MyHDL: a Python-Based Hardware Description Language
Having introduced the concepts, we now are ready to tackle a real design example with MyHDL. I have chosen a serial peripheral interface (SPI) slave hardware module. SPI is a popular synchronous serial control interface originally designed by Motorola.
A single SPI master can control multiple slaves. There are three common I/O ports: mosi, the master-out, slave-in serial line; miso, the master-in, slave-out serial line; and sclk, the serial clock driven by the master. In addition, a slave select line, ss_n, exists for each slave. SPI communication always occurs in the two directions simultaneously. In general, the active clock edge that triggers data changes is configurable. In this example, we use the rising edge.
The MyHDL code of the SPI slave is shown in Listing 1. A classic Python function called SPISlave is used to model a hardware module. The function has all interface signals as its parameters, and it returns two generators. This code illustrates how hierarchy is modeled in MyHDL: a higher-level function calls lower-level functions and includes the returned generators in its own return value.
Listing 1. MyHDL Model of an SPI Slave
from myhdl import Signal, posedge, negedge, intbv ACTIVE_n, INACTIVE_n = bool(0), bool(1) IDLE, TRANSFER = bool(0), bool(1) def toggle(sig): sig.next = not sig def SPISlave(miso, mosi, sclk, ss_n, txdata, txrdy, rxdata, rxrdy, rst_n, n=8): """ SPI Slave model. miso -- master in, slave out serial output mosi -- master out, slave in serial input sclk -- shift clock input ss_n -- active low slave select input txdata -- n-bit input with data to be transmitted txrdy -- toggles when new txdata can be accepted rxdata -- n-bit output with data received rxrdy -- toggles when new rxdata is available rst_n -- active low reset input n -- data width parameter """ cnt = Signal(intbv(0, min=0, max=n)) def RX(): sreg = intbv(0)[n:] while 1: yield negedge(sclk) if ss_n == ACTIVE_n: sreg[n:1] = sreg[n-1:] sreg = mosi if cnt == n-1: rxdata.next = sreg toggle(rxrdy) def TX(): sreg = intbv(0)[n:] state = IDLE while 1: yield posedge(sclk), negedge(rst_n) if rst_n == ACTIVE_n: state = IDLE cnt.next = 0 else: if state == IDLE: if ss_n == ACTIVE_n: sreg[:] = txdata toggle(txrdy) state = TRANSFER cnt.next = 0 else: # TRANSFER sreg[n:1] = sreg[n-1:] if cnt == n-2: state = IDLE cnt.next = (cnt + 1) % n miso.next = sreg[n-1] return RX(), TX()
The module interface contains some additional signals and parameters. txdata is the input data word to be transmitted, and txrdy toggles when a new word can be accepted. Similarly, rxdata contains the received data word, and rxrdy toggles when a new word has been received. Finally, there is a reset input, rst_n, and a parameter n that defines the data word width.
Inside the SPI slave module, we create a signal, cnt, to keep track of the serial cycle number. It uses an intbv object as its initial value. intbv is a hardware-oriented class that works like an integer with bit-level facilities. Python's indexing and slicing interface can be used to access individual bits and slices. Also, an intbv object can have a minimum and a maximum value.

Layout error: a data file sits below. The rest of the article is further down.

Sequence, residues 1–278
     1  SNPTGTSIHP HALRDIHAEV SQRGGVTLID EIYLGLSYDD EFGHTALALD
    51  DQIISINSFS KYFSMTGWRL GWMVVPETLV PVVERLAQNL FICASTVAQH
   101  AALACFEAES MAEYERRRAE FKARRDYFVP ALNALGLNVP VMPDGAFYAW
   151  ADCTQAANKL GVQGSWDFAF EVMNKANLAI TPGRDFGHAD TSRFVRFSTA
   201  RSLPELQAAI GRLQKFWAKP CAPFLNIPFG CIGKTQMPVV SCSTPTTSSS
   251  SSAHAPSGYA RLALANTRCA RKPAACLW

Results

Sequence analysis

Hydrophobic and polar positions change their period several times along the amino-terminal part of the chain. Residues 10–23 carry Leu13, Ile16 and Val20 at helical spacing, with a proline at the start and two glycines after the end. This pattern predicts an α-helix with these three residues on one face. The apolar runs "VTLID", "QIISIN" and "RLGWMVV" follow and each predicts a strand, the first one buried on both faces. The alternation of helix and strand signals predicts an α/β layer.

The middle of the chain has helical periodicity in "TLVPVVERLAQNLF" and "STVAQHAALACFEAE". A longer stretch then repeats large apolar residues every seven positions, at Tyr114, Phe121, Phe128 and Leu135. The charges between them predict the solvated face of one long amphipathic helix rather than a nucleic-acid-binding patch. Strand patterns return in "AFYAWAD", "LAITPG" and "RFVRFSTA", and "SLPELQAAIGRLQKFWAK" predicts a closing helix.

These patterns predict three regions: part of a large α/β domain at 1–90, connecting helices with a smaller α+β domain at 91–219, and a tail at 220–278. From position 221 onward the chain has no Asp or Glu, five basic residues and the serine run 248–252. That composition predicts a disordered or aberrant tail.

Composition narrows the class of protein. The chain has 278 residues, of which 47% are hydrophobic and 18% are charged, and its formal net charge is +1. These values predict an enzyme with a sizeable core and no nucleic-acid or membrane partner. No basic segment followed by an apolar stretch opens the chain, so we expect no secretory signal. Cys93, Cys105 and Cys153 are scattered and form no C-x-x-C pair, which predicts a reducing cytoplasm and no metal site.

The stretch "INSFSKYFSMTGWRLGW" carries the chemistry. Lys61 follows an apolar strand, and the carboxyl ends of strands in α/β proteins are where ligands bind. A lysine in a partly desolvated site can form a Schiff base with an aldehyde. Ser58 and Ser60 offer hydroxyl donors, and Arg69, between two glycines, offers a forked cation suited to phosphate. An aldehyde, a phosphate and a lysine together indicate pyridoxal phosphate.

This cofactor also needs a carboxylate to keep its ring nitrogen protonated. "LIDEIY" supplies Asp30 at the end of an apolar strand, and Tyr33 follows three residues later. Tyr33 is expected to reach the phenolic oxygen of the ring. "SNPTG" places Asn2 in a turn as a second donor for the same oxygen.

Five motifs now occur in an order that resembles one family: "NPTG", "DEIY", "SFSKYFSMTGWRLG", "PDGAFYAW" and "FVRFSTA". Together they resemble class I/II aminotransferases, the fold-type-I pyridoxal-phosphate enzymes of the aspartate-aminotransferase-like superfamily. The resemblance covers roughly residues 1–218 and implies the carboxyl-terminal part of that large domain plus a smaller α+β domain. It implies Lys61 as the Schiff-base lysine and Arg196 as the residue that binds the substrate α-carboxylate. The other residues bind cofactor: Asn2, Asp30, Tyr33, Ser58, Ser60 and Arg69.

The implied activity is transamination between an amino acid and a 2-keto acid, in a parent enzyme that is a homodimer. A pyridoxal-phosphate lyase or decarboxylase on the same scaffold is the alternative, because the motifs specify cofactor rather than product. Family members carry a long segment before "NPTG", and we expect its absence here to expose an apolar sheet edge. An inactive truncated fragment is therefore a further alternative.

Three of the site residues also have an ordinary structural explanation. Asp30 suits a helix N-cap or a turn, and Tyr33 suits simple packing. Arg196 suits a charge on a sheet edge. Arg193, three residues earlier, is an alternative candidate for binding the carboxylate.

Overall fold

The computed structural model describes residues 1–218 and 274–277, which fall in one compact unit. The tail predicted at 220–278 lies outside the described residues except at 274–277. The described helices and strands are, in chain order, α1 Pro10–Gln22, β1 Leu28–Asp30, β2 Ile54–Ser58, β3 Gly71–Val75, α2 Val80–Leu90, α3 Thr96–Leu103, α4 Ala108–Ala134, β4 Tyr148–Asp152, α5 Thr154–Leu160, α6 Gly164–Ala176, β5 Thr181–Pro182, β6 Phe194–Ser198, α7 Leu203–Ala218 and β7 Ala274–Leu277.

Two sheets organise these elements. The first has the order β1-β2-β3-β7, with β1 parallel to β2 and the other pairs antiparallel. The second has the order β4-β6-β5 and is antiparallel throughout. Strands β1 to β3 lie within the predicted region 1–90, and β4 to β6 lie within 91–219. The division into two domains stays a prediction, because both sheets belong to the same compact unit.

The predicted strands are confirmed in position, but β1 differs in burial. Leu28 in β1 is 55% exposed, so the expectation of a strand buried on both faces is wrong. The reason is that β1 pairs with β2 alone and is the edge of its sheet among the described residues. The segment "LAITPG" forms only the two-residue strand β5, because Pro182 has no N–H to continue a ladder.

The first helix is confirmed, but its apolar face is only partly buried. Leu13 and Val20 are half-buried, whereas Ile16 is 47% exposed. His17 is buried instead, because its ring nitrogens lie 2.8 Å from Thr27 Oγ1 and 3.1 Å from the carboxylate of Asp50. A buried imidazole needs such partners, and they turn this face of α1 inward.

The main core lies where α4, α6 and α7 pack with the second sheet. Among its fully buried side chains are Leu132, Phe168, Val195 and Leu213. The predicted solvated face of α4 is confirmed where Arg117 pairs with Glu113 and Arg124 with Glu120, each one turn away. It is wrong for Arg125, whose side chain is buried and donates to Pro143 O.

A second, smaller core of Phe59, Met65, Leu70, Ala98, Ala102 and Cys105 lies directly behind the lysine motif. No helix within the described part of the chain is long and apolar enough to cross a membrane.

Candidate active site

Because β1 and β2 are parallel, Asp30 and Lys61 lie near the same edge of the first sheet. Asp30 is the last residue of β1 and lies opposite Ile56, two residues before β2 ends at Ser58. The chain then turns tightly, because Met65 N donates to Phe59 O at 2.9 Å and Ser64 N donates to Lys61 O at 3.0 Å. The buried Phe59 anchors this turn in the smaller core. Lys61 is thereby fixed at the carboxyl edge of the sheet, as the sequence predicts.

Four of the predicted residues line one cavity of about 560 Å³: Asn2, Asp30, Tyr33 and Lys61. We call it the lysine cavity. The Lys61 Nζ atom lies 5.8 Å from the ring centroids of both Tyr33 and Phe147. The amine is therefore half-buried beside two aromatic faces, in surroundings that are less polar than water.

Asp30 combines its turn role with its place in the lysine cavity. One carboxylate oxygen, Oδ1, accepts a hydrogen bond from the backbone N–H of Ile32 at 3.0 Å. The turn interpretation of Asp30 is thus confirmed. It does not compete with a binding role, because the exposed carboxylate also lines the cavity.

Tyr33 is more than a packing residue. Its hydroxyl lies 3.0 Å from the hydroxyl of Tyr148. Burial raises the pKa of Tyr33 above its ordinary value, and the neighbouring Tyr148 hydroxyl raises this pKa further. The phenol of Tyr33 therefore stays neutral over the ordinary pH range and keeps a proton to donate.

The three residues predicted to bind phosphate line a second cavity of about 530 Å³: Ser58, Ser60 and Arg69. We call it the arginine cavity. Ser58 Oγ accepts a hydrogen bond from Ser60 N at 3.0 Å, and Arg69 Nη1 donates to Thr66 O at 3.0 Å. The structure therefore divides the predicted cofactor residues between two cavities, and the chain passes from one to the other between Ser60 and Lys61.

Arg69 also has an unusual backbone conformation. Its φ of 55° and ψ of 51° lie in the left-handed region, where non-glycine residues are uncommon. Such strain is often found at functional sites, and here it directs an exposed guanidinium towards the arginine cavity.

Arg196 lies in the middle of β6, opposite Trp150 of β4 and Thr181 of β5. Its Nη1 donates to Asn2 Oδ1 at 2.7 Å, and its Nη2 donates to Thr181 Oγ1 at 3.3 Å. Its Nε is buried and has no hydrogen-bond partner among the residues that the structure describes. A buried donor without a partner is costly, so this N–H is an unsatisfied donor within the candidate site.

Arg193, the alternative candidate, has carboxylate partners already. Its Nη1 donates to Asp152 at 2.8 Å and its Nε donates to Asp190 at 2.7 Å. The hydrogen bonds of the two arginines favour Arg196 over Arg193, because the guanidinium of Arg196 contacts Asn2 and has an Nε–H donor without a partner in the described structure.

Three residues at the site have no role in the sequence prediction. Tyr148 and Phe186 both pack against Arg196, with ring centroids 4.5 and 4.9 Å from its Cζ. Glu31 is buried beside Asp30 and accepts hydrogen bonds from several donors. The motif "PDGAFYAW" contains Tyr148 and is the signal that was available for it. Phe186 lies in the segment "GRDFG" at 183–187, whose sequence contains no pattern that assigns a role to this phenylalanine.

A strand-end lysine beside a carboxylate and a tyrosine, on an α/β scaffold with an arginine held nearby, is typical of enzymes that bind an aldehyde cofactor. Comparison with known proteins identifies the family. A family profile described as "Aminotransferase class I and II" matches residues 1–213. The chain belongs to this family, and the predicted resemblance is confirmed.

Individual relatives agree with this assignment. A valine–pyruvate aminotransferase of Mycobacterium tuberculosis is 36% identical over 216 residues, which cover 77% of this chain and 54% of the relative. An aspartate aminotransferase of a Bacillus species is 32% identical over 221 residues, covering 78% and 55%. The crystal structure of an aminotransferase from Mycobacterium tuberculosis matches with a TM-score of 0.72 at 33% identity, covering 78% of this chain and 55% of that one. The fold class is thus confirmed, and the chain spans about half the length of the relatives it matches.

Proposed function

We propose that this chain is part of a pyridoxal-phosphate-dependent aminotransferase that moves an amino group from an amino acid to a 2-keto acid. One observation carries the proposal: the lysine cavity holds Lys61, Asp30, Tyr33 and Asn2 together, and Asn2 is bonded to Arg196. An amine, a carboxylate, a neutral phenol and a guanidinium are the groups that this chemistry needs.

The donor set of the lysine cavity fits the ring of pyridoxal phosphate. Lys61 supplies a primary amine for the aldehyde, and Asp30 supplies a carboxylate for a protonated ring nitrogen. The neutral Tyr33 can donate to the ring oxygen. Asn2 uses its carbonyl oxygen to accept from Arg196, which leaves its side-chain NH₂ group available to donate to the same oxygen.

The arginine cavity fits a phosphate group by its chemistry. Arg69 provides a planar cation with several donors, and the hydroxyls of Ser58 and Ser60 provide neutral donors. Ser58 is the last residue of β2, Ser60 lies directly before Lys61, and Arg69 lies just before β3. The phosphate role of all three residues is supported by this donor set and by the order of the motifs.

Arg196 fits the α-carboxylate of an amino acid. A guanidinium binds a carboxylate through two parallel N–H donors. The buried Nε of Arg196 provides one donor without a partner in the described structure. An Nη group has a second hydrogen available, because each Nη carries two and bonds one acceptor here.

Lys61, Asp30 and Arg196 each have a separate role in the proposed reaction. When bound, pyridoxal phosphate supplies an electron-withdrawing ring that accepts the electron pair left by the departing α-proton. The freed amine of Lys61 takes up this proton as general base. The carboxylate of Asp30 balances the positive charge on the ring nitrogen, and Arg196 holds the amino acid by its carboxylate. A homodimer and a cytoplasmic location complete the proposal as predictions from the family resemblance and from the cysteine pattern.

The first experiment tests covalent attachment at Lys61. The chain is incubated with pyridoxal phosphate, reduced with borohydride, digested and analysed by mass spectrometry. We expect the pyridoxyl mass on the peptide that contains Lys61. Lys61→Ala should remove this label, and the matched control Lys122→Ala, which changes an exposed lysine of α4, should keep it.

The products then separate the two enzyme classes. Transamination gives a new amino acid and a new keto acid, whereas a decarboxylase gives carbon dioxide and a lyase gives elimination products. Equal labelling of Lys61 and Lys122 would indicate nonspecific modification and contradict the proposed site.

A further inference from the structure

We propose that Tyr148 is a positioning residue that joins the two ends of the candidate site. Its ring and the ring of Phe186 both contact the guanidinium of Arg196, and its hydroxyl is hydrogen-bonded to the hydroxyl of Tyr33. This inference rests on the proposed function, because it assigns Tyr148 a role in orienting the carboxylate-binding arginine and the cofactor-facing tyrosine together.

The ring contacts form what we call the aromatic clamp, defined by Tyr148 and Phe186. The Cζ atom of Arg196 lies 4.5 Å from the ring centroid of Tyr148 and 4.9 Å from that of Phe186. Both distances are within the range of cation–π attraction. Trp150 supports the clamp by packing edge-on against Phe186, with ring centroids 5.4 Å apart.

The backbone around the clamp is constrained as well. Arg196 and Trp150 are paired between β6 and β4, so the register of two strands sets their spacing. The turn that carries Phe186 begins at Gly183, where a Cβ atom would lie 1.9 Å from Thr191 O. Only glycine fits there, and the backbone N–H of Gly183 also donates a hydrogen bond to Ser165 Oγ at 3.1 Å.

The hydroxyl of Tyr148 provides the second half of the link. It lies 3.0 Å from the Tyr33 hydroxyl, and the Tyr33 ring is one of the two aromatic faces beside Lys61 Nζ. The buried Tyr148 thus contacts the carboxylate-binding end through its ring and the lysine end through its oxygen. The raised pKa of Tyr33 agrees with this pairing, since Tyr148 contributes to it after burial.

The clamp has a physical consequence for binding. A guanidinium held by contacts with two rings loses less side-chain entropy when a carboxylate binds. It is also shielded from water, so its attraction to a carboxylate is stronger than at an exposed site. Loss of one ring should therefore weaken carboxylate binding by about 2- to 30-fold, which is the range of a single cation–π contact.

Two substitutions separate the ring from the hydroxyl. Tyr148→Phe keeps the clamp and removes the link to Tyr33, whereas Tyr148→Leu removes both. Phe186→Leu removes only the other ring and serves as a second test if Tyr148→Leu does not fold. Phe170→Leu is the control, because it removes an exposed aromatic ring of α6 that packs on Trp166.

The RX generator function describes the receive behavior. Whenever the slave select line ss_n is active low, the mosi input is shifted to the shift register sreg. The yield negedge(sclk) statement indicates that the action occurs on the falling clock edge. In the last serial cycle, the shift register is transferred to the rxdata output and rxrdy toggles.
The TX generator function is slightly more complicated, because it requires a small state machine to control the protocol. The yield statement specifies two events in this case, meaning that the generator is resumed on the event that occurs first. When the reset input is active low, cnt and state are reset. In the other case, the action depends on the state. In the IDLE state, we wait until the select line goes active low before accepting the data word for transmission and going to the TRANSFER state. In the TRANSFER state, the shift register is shifted out serially. The state machine maintains the proper serial cycle count and returns to the IDLE state on the last shift.
Getting Started with DevOps - Including New Data on IT Performance from Puppet Labs 2015 State of DevOps Report
August 27, 2015
12:00 PM CDT
DevOps represents a profound change from the way most IT departments have traditionally worked: from siloed teams and high-anxiety releases to everyone collaborating on uneventful and more frequent releases of higher-quality code. It doesn't matter how large or small an organization is, or even whether it's historically slow moving or risk averse — there are ways to adopt DevOps sanely, and get measurable results in just weeks.
Free to Linux Journal readers.Register Now!
- Django Models and Migrations
- Hacking a Safe with Bash
- Secure Server Deployments in Hostile Territory, Part II
- Home Automation with Raspberry Pi
- Huge Package Overhaul for Debian and Ubuntu
- The Controversy Behind Canonical's Intellectual Property Policy
- Shashlik - a Tasty New Android Simulator
- KDE Reveals Plasma Mobile
- Embed Linux in Monitoring and Control Systems
- diff -u: What's New in Kernel Development